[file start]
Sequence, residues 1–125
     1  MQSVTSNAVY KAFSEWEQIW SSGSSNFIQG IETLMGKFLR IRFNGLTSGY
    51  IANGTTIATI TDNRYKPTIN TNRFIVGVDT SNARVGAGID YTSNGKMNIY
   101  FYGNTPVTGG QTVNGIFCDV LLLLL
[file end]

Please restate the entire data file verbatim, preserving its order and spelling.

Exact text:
Sequence, residues 1–125
     1  MQSVTSNAVY KAFSEWEQIW SSGSSNFIQG IETLMGKFLR IRFNGLTSGY
    51  IANGTTIATI TDNRYKPTIN TNRFIVGVDT SNARVGAGID YTSNGKMNIY
   101  FYGNTPVTGG QTVNGIFCDV LLLLL